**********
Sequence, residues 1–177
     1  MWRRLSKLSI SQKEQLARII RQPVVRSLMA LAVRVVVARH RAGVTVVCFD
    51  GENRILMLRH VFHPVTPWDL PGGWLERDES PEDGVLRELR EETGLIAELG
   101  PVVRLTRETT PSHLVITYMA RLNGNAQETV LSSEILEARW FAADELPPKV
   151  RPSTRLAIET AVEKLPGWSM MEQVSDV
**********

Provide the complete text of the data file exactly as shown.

Sequence, residues 1–177
     1  MWRRLSKLSI SQKEQLARII RQPVVRSLMA LAVRVVVARH RAGVTVVCFD
    51  GENRILMLRH VFHPVTPWDL PGGWLERDES PEDGVLRELR EETGLIAELG
   101  PVVRLTRETT PSHLVITYMA RLNGNAQETV LSSEILEARW FAADELPPKV
   151  RPSTRLAIET AVEKLPGWSM MEQVSDV